Hot New Zealand property market sees mad scramble for real estate | 1 NEWS

While predictions for the property market were all doom and gloom six months ago, New Zealand is now seeing a scramble for real estate amid the Covid-19 pandemic and an economic recession.

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Amid a global pandemic and an economic recession, Kiwis are lining up to buy houses, meaning there aren’t enough houses to meet soaring demand.
Source: Sunday


From first home buyers to multimillion dollar dealmakers, Kiwis are lining up to take advantage of the hot property market – and there aren’t enough houses to meet the soaring demand.

On Auckland’s Paritai Drive, house prices are rising, with one home buyer buying a $1.85 million property without stepping a foot inside.

The situation is the same in the South Auckland suburb of Manurewa.

“I’m quite frustrated. It’s every New Zealander’s dream to own their own property but we are struggling to do it, to be honest,” first home buyer Fua Talafua said.

The Talafuas are currently renting, but are hunting for a three-bedroom house with a backyard for their growing family.

Talafua is a business analyst, while his wife is a flight attendant. The couple also have a newborn, along with a two-year-old son.

“We thought with the Covid situation, the housing market would slow down and the prices would probably stall or go down as well but that’s not the case,” Talafua said.

While the country is officially in a recession – caused by a global pandemic and economic instability – Auckland’s housing market is fizzing.

Top economist Tony Alexander said no one had predicted what the situation would look like six months ago.

“I was the least pessimistic economist in New Zealand on the housing market. I still thought prices might fall by about seven per cent,” he said.

While the Talafuas are waiting for listings, Alexander said waiting for prices to drop “has not been a good strategy for the past three decades”.

Real estate agent Graham Wall, who specialises in selling expensive homes, said there aren’t “enough houses to go around at any level”.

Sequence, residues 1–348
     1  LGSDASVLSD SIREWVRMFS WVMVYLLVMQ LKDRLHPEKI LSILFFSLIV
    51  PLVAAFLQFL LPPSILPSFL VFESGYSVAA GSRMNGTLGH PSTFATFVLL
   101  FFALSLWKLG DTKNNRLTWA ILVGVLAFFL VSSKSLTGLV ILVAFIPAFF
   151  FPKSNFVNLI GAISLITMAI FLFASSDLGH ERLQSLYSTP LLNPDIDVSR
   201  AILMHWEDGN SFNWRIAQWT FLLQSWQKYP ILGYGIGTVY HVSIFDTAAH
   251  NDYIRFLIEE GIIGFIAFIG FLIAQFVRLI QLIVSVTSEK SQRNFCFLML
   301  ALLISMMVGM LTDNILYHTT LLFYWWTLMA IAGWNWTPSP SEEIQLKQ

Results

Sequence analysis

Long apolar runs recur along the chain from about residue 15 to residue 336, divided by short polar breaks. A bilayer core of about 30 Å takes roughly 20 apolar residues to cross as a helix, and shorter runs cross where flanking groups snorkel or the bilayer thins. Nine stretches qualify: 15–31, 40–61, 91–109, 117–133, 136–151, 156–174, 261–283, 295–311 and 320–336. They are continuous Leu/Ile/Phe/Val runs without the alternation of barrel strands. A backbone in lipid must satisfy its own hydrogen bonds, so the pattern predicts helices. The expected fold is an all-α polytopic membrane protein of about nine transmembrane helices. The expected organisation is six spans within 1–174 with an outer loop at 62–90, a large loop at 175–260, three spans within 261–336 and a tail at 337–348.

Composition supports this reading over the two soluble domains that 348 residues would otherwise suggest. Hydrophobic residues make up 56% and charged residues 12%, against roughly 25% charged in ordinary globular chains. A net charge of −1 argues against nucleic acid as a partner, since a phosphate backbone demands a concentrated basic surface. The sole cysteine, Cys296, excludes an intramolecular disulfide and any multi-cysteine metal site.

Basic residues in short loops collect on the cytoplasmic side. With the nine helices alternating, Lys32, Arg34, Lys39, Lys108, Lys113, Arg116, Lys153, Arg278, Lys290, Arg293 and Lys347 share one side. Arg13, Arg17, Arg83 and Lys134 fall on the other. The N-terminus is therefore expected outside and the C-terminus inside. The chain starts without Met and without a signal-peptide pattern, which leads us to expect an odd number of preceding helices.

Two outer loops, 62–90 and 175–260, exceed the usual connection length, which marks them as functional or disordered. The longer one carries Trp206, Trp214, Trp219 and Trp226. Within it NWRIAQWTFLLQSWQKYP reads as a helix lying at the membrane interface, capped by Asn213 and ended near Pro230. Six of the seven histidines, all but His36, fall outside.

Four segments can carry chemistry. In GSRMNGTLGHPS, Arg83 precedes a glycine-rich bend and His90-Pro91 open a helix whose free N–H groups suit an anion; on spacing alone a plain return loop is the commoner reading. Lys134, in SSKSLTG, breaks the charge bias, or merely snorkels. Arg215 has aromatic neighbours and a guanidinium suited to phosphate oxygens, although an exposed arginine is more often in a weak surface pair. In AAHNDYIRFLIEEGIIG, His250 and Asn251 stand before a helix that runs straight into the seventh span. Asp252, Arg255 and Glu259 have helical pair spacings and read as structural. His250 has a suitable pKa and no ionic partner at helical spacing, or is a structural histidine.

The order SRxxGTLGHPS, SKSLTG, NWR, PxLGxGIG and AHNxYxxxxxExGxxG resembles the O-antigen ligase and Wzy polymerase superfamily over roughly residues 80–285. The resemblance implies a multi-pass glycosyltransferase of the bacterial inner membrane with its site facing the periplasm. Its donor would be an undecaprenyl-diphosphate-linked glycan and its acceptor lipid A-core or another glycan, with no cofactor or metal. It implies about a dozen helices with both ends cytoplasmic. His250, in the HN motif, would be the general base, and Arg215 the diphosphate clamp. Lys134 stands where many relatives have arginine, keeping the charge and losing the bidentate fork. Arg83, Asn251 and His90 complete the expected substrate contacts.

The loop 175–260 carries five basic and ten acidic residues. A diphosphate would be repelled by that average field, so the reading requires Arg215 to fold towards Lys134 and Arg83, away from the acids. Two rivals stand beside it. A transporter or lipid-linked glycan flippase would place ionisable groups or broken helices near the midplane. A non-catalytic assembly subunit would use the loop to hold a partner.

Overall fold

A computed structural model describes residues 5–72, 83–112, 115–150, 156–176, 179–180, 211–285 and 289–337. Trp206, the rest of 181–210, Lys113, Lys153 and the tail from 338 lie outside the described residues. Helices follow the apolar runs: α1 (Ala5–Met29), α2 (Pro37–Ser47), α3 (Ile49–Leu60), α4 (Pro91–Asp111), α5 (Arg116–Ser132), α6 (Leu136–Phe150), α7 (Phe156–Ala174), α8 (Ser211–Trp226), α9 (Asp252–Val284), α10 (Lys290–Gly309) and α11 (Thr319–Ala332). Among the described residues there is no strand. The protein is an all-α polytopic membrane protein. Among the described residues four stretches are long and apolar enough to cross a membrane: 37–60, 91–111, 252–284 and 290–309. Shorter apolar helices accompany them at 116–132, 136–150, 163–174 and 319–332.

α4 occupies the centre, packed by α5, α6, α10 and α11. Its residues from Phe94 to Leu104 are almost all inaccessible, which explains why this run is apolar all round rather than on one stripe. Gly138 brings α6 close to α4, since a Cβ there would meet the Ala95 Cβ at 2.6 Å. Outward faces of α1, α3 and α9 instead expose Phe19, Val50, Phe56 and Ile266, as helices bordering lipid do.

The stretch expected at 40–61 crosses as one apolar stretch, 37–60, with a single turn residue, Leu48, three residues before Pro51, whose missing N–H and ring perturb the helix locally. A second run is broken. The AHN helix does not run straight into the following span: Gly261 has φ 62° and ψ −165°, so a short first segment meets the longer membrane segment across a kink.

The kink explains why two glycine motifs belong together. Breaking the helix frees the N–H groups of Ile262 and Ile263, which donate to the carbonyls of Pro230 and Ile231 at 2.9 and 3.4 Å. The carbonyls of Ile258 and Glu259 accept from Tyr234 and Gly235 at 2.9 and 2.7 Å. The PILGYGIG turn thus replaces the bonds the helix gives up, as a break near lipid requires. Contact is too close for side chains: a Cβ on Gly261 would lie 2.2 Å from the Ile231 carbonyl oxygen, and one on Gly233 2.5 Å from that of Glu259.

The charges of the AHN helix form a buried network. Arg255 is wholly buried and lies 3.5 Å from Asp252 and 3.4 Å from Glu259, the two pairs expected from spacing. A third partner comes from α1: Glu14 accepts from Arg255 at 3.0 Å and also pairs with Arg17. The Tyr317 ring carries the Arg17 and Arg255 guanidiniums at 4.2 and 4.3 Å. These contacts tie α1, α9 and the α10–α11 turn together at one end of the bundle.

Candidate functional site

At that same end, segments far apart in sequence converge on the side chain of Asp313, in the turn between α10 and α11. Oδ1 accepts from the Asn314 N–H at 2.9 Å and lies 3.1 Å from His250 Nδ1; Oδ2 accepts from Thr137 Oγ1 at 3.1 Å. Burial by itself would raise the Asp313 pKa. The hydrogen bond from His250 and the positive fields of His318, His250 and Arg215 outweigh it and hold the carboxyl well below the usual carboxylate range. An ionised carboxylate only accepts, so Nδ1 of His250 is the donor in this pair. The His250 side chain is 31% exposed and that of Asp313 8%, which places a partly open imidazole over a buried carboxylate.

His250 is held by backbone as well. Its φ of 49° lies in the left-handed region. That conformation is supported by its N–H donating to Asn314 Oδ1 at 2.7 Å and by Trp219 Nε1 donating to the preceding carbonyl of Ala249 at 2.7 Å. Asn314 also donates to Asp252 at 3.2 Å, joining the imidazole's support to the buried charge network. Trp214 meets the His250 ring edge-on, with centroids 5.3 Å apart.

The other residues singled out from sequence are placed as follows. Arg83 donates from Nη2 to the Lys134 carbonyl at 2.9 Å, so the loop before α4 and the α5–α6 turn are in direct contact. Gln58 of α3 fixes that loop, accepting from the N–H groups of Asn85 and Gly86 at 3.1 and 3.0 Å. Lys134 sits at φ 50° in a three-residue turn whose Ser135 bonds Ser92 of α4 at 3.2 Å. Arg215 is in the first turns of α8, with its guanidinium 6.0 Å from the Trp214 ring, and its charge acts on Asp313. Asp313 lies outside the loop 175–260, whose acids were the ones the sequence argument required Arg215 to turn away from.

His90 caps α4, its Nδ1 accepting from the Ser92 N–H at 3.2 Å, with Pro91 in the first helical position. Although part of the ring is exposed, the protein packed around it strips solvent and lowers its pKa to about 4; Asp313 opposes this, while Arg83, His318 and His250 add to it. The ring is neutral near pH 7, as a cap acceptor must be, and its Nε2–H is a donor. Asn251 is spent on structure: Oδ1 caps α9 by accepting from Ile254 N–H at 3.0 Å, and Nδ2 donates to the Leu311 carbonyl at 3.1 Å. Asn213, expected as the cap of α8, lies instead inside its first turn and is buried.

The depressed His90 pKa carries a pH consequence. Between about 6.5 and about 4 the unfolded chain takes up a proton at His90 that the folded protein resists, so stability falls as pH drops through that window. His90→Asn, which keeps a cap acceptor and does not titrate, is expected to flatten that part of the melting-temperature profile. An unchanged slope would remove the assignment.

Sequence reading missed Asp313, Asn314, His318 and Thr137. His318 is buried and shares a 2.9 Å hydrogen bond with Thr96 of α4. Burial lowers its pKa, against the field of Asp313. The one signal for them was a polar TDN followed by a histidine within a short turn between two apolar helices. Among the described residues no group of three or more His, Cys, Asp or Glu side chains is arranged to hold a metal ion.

“At the lowest level, at the middle level, and at the level where we operate there’s simply not enough stock,” he said. “There’s massive new demand and not enough supply.”

Alexander said the number one factor driving the property market would be the “record-low level of interest rates”, along with the number of properties on the market being down almost 20 per cent from one year ago.

The Reserve Bank’s removal of the loan-to-value ratios (LVRs) have also “encouraged optimism for the first homebuyers”.

“There’s $10 billion we Kiwis were going to spend overseas this year on travel. Well, we’re not spending that and we’re buying houses.”

He said the homes are largely being bought by Kiwis in New Zealand, first home buyers and investors.

The Talafuas are looking to buy in South Auckland, which Talafua said is “a bit more affordable”.

However, real estate agent Charlie Brother said South Auckland “is on fire”, with homes in Manurewa selling “quicker than we can list it”.

He said he expected prices there to hit $1 million “maybe in 10 years’ time, but it’s here now”.

“It’s becoming the norm now.”

“Who would have thought buying a property for three-quarters of a million dollars – I would never have thought that in a million years,” Talafua said.

“With that kind of money, I would have thought you would be purchasing a mansion or something.”

It’s the low price of borrowing money which is helping fuel the market, and Alexander doesn’t expect the Reserve Bank to push interest rates “up to any great degree” for several years.

He said while the conditions fueling the market will be here “for the short term”, he also warned people to not get “over-optimistic”.

“Just because the price of a thing rises for a while and surprises us all, doesn’t mean we’re gonna continue to be surprised for the next two years. There’s always an end to every cycle.”

For some Kiwis, the dream of owning their own home is getting further and further out of reach.

“If you already own a house, you’re getting wealthier. If you don’t, then of course you’re not picking up the wealth along the way,” Alexander said.

He said he doesn’t see “a great volume of low-priced accommodation” in the next 50 years, either.

Alexander advised people to buy a house if it will suit their personal circumstances.

“If you have found something that you like – the suburb, the location there, your church, your school, et cetera – then by all means look to make a purchase. But be very wary about jumping in just because you see every man and his dog jumping in as well.”

The Talafuas have since decided to look further for their dream home with a backyard for their kids.

“So we are looking further down Auckland – even going as far as Franklin, Pokeno, Pukekohe – so we really don’t want to leave Auckland because Auckland is home to us. The only option is to look further down South Auckland – that’s the only option for us at the moment,” Talafua said.

“It’s been frustrating but we’re resilient enough to keep searching for that house – the house that we can call home.”

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